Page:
"Major League Baseball and the Effect on Foreign Policy"
Major League Baseball is responsible for foreign policy in the United States regarding goodwill, immigration, and the exchange of players. The purpose of the study is to educate the reader on the history of baseball and foreign policy. The study will also show how important baseball is for future foreign policy development. The source material was gathered using the Rio Salado Library online search function.
History shows Major League Baseball directly influences the United States relationship with foreign powers. At the forefront is the United States relationship with Japan. During the period when Japan allowed foreigners to begin to conduct trade, foreign nationals in Japan teach school children the game of baseball (Guthrie-Shimuzu, 2012). This leads directly to baseball being seen as part of the westernization and globalization of Japan and Japanese culture. In October 1908, Japanese and American baseball players usher in a meeting between high ranking officials helping to end tension as breakdowns in communication begin to take a toll on policy makers (Guthrie-Shimuzu, 2012). Following World War II until the beginning of the Cold War, baseball team's exhibition matches help cement ties between the United States and Japan (Guthrie-Shimuzu, 2012). Japan is not the only country feeling the effects of baseball on foreign policy, Cuba is also deeply affected.
The United States and Cuba have a tumultuous relationship but find common ground in baseball. During Spanish rule of the country, the Cuban people discover baseball from sailors and students visiting the United States (St. Pierre, 2019). The Cuban people view baseball as a symbol of change and national identity as the revolution happens at the same time. Beginning in 1959 as Fidel Castro ascends to power, the United States enacts a trade embargo with Cuba. The embargo ends a fifty-year history of American and Cuban teams playing exhibition games against each other. The exhibition games featured some of the best players from the professional leagues in the United States, including Major League Baseball and the Negro Leagues. At the time, the only place to see the top players from around the world play is at these games. The embargo is further strengthened in 1996 by another act of Congress. The embargos do not stop Cuban baseball players from attempting to enter the United States to chase the dream of playing Major League Baseball. However, the embargos do mean the players have to defect from Cuba and renounce citizenship or be forced to return to Cuba.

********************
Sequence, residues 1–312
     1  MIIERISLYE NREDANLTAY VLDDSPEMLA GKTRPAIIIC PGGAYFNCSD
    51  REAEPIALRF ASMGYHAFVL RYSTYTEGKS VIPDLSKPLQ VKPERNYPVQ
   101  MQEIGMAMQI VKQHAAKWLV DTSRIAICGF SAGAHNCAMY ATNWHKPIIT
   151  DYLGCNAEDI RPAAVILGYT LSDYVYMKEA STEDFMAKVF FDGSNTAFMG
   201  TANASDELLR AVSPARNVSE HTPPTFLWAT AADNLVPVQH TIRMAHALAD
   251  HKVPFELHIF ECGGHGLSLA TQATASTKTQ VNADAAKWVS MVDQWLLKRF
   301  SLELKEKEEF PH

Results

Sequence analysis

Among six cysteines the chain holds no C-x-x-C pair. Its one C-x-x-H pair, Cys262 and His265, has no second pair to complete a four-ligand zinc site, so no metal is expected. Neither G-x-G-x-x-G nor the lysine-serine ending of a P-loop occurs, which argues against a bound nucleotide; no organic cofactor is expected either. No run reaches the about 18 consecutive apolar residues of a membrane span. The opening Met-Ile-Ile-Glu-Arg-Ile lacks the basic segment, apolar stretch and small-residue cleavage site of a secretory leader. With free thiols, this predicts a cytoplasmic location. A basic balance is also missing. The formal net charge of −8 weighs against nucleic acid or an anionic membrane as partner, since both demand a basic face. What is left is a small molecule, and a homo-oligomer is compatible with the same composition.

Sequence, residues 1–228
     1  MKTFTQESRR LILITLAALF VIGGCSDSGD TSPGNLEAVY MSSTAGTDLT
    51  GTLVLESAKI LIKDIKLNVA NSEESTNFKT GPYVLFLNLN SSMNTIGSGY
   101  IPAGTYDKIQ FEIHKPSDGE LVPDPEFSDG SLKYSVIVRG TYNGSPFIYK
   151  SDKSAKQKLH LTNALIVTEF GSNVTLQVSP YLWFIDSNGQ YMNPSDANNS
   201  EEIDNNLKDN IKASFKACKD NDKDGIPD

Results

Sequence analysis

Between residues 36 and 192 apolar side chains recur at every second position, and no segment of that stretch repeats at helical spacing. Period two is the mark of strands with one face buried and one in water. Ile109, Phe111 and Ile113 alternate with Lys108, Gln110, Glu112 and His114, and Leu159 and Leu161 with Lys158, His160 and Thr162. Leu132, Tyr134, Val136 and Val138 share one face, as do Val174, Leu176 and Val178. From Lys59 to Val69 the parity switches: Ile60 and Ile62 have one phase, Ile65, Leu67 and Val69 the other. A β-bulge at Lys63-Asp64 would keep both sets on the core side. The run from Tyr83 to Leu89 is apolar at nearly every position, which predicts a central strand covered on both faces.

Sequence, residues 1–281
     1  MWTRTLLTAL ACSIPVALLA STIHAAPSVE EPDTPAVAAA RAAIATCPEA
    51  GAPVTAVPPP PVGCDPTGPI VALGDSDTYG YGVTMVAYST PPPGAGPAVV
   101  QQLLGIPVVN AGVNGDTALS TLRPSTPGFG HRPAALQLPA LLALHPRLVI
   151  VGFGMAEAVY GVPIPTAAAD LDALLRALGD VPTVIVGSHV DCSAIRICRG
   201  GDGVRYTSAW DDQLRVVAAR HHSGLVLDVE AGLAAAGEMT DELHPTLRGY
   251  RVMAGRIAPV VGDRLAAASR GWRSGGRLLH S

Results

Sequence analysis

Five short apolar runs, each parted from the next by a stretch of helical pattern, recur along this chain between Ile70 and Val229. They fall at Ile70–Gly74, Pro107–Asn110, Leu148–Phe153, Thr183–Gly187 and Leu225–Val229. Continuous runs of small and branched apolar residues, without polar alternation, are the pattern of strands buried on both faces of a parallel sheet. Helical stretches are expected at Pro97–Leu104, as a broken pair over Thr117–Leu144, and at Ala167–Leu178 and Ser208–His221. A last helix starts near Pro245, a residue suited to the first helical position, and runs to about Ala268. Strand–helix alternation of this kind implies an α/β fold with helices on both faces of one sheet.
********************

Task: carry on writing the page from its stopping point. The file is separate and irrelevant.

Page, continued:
The United States government and Major League Baseball work together often to promote goodwill in other countries. Major League teams consistently travel around the world to foster relationships with foreign governments and citizens. As early as 1930, a baseball team featuring the legendary Babe Ruth traveled to Japan on a goodwill tour. As related earlier, Major League teams traveled to Cuba during the period of segregation in the United States to play against negro League baseball teams (Introduction of baseball, 2011). Even today, the World Baseball Classic tournament continues to influence how other countries perceive the United States. Every year, more countries are included in the Classic where international talent is showcased. The talent from countries other than the United States influence marketing and perception when playing in the United States. (Rocco, 2017).
The infusion of talent from other countries forces Major League Baseball to be at the forefront of immigration policy in the United States. Ballplayers from all over the world hope to attain the dream of coming to America and signing a professional baseball contract. More international players than ever before are on Major League rosters as of the 2019 season (Anzil, 2019). To play baseball in America professionally, the foreign player has a much more difficult time than a United States citizen. Because of labor laws, a visa is critical to employment in the United States. The process to obtain a visa to play in the United States is simple and straightforward for many foreign players (St. Pierre, 2019), but the restrictions of immigration cause headaches for some attempting to enter the United States, especially from Cuba (Robertson, 2015).